The consensus is that Federal Reserve Board governors will leave the Fed’s key rates untouched but will talk a lot about exit strategies when they meet on June 23 and June 24. The latter supposition arises from the data suggesting a) signs of recovery or b) signs of stability. The Conference Board Leading Economic Index increased 1.2 percent in rising for the second month in a row, prompting Conference Board economist Ken Goldstein to state that “the recession is losing steam. Confidence is rebuilding and financial market volatility is abating. Even the housing market appears to be stabilizing.” So, if all this continues, a slow recovery will commence by the end of the year. “However, employment will take longer to turn around,” Goldstein cautions.
The Federal Reserve Bank of Philadelphia’s bellwether June Business Outlook reports similar findings, divining a recovery in the next six months. New residential construction numbers from HUD improved on a month-over-month basis, but continued their dizzying decline from a year earlier. The weekly unemployment figures released June 18 showed some stability, but welfare rolls are climbing for the first time since the Clinton reforms of 1996—by double digits in some states—as the jobless disembark from the unemployment insurance train.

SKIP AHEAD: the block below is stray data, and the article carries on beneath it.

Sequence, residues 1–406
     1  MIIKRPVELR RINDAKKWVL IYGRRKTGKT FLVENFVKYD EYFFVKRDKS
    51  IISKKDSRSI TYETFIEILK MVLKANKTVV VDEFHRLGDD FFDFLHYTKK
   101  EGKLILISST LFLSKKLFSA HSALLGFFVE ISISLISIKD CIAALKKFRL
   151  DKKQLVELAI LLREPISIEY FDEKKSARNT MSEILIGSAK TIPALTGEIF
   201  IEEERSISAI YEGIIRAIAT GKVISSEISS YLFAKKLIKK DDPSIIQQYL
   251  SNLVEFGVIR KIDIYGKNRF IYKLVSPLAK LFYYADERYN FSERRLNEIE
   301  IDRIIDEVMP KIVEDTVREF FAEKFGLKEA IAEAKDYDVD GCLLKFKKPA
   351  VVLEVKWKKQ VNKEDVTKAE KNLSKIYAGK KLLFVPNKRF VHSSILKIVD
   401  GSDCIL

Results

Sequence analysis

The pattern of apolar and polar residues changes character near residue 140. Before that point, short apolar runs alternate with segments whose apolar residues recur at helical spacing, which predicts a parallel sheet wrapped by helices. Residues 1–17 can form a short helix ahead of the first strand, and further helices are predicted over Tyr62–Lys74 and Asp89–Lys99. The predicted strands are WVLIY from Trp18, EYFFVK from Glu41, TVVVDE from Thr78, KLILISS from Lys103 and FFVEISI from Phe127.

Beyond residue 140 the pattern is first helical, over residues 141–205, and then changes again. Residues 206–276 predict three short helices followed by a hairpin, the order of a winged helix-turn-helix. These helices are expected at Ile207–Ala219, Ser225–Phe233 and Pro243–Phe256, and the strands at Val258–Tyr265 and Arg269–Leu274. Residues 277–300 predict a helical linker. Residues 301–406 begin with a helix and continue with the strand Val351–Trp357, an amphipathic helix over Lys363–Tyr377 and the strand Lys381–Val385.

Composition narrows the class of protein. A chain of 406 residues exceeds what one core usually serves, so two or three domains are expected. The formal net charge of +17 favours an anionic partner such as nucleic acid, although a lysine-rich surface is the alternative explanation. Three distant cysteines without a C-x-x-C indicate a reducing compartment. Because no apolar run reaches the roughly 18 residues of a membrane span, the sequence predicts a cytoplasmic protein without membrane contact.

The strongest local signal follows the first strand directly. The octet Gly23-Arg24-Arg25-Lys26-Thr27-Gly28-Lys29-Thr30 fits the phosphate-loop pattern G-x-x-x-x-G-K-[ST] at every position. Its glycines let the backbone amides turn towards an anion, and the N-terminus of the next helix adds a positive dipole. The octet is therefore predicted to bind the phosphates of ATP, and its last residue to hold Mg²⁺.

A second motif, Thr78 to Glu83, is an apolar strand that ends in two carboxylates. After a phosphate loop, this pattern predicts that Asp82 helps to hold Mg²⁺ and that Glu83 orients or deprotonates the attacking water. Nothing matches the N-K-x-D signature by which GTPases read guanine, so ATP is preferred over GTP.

For a consumption-driven economy, the jobless situation is hardly good news. And both personal and business balance sheets continue to contract, according to Robert C. King, an economist at the Jerome Levy Forecasting Center. In a bulletin analyzing the Fed’s recently released first flow of funds reports, sent to institute clients on June 18, King writes: “For the first time in flow-of-funds history, total private sector debt—household, nonfinancial business, and financial sector—contracted from the previous quarter.” The $2-trillion contraction overwhelmed an expansion in federal, state, and local debt, resulting in a decline in total debt outstanding. The contraction will continue “for a long, long time,” writes King.
The shrinkage has been driven, in large part, by the deflation of real estate. “Consumers have lost a lot of equity,” King says in an interview. The foreclosure crisis “is a very dangerous situation. The administration will have to expand its refinancing program to cover those not currently eligible.” The long-term effects of balance sheet contraction “will keep operating even as the economy exits the recession,” exerting weight on the recovery, King predicts.